In the weeks following coordinated investigative reporting efforts uncovering the hidden fortunes of global elites and the ultra-wealthy, media actors ranging from QAnon influencers to foreign state broadcasters have mobilized antisemitic conspiracy theories to dismiss the massive exposé.
On October 3, the International Consortium of Investigative Journalists and various global media outlets began publishing a series of financial investigations looking into a system of offshore tax havens utilized by international elites, politicians, and billionaires. The investigation was based on a massive leak of 11.9 million financial records, nicknamed the Pandora Papers, and it revealed a complex web of global companies — operating from South Dakota to the British Virgin Islands — that some of the wealthiest people in the world are seemingly using to dodge taxation and launder money.
Fringe media outlets and QAnon adherents have viewed prior financial investigations of the global elite, like the Panama Papers, as a tool to expose and validate their conspiracy theories about the way the powerful and wealthy operate. A similar pattern occurred with the release of the Pandora Papers, as right-wing forums hyped the new reports and even alleged there was a hidden meaning behind the date of the papers’ release (though many pivoted to try and discredit the coverage once a link to George Soros was suggested).
It did not take long for conspiracy theory communities to reverse their initially positive expectations of the Pandora Papers’ release and instead push antisemitic smears undermining the new reporting.
QAnon and far-right media latch onto antisemitic conspiracy theories
Within hours of the journalism consortium’s announcement of the publications, a cascade of QAnon influencers and conspiracy theorists reversed their stance or outright condemned the merits and authenticity of the leaks.
Noticing that the ICIJ’s supporters page mentioned the Open Society Foundations, a grantmaking organization founded by Jewish philanthropist and perpetual conspiracy theory target George Soros, QAnon influencers crafted a narrative that dismissed the group and its reporting on the basis of antisemitic conspiracy theories. This is a familiar pattern across similar financial investigations of global elites: Fringe communities latch onto hope that released documents will prove their theories, only to immediately discredit the reporting once Soros’ involvement is suggested.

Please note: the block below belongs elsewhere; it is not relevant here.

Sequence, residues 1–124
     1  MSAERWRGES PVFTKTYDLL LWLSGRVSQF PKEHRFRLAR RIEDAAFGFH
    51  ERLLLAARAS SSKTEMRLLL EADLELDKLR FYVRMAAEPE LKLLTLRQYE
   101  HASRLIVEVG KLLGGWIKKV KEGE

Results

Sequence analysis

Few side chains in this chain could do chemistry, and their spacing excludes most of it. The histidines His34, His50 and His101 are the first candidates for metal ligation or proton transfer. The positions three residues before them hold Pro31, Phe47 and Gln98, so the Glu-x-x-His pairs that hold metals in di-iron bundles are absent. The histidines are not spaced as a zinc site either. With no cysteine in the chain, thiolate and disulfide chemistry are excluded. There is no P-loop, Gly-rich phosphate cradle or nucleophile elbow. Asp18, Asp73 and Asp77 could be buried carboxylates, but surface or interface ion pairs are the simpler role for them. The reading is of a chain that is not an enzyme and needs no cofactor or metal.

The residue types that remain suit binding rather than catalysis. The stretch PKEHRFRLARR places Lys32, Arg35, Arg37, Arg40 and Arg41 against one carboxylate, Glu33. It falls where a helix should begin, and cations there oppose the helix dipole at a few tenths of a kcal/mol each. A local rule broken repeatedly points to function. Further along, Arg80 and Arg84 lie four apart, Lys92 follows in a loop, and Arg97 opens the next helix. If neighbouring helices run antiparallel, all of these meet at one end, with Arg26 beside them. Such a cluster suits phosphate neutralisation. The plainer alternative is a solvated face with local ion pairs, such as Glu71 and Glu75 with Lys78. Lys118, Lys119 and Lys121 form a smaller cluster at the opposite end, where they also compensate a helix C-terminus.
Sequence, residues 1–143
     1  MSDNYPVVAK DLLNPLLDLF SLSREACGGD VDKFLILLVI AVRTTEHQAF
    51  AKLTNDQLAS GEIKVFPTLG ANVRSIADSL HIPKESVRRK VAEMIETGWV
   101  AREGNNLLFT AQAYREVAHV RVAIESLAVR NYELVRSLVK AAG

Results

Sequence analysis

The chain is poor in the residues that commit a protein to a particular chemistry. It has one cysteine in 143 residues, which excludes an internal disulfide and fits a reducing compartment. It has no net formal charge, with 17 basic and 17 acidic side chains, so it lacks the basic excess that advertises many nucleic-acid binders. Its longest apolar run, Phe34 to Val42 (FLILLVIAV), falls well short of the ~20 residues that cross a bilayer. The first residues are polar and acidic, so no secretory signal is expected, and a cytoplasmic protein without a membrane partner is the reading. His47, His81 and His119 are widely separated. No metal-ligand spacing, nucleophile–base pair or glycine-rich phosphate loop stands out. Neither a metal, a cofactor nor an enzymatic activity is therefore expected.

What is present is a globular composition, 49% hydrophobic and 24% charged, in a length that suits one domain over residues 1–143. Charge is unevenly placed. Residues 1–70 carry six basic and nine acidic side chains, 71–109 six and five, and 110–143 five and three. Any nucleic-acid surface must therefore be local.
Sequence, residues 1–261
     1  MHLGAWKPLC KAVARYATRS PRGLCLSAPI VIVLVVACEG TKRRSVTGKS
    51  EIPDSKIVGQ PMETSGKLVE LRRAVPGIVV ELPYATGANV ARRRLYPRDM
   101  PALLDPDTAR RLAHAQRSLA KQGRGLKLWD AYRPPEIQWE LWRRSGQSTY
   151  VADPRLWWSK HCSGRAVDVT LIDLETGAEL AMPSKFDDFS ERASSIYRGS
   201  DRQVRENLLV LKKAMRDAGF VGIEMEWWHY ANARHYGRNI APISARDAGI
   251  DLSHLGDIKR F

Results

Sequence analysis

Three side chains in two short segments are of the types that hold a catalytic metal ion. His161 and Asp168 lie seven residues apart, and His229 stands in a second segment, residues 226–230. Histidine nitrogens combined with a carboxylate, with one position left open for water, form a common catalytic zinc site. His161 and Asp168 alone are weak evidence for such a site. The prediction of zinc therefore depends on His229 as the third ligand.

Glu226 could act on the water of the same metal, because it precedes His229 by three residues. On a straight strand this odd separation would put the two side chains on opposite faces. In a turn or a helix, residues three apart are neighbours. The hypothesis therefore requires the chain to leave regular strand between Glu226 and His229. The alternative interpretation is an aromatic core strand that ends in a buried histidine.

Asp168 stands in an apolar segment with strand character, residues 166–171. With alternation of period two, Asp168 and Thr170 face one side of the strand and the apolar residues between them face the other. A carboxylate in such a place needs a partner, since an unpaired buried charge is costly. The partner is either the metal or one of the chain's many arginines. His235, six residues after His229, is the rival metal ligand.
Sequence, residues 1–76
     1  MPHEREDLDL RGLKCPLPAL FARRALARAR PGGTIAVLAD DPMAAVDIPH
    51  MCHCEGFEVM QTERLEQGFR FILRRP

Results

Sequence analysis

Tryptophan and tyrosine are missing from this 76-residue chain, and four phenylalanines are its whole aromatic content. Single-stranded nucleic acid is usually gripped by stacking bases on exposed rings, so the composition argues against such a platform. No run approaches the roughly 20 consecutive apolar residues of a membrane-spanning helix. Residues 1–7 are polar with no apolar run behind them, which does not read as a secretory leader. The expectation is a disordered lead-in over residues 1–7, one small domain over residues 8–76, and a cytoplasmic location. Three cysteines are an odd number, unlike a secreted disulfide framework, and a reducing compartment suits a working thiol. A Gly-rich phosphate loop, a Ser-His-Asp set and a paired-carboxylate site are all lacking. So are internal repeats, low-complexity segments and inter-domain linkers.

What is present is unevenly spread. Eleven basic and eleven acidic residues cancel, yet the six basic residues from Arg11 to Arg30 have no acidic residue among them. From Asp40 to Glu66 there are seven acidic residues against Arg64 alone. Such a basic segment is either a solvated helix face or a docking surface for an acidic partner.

While the invocation of “globalist elites” to justify conspiracy theories has become increasingly popular in recent years, these claims often rehash centuries-old antisemitic myths. (Even though QAnon conspiracy theorists and other elements of far-right fringe culture don’t always explicitly depict Jewish people as the enemy, they often invoke antisemitic tropes and stereotypes as a way to further radicalize their audience.)
In recent decades, Soros became the central figure in such antisemitic conspiracy theories. His reputation as an active contributor to civil society organizations around the world (including Media Matters) made him an attractive symbol for the American alt-right and far-right political parties in Poland and Hungary to falsely perpetuate conspiracy theories of Jewish control of various institutions, such as the media. The Anti-Defamation League notes:
A person who promotes a Soros conspiracy theory may not intend to promulgate antisemitism. But Soros’ Jewish identity is so well-known that in many cases it is hard not to infer that meaning. This is especially true when Soros-related conspiracy theories include other well-worn antisemitic tropes such as control of the media or banks; references to undermining societies or destabilizing countries; or language that hearkens back to the medieval blood libels and the characterization of Jews as evil, demonic, or agents of the antichrist.
Even if no antisemitic insinuation is intended, casting a Jewish individual as a puppet master who manipulates national events for malign purposes has the effect of mainstreaming antisemitic tropes and giving support, however unwitting, to bona fide antisemites and extremists who disseminate these ideas knowingly and with malice.
Skepticism and dismissal of the “Soros-funded” ICIJ quickly became the overwhelming consensus in QAnon social media channels in the days following publication of the Pandora Papers, as conspiracy theories proliferated regarding the documents’ origins and the true intentions behind their release. Most users called the entirety of the publications “a nothing burger” that was “funded by none other than the Open Society Foundation (Soros),” while others speculated that parts of the leaked data were true, but deployed as “a Soros smoke & mirrors play to distract” from other events.
QAnon forums seized on the leaks’ absence of American figures -- explained by the ICIJ as likely the result of wealthy Americans utilizing domestic tax loopholes rather than offshore tax havens -- which led to one of the more popular theories: the leaks were actually a “limited hangout” operation by the “deep state” and Soros to covertly undermine political rivals.
Some QAnon influencers retained their positive outlook on the Pandora Papers' contents while still questioning the nature of Soros’ involvement with the ICIJ. One influencer known as Qtah told followers that despite the potential for foul play in the Pandora Papers, “Digital soldiers” -- a term used by self-identified QAnon adherents -- “still need to highlight” the story as an example of elite corruption.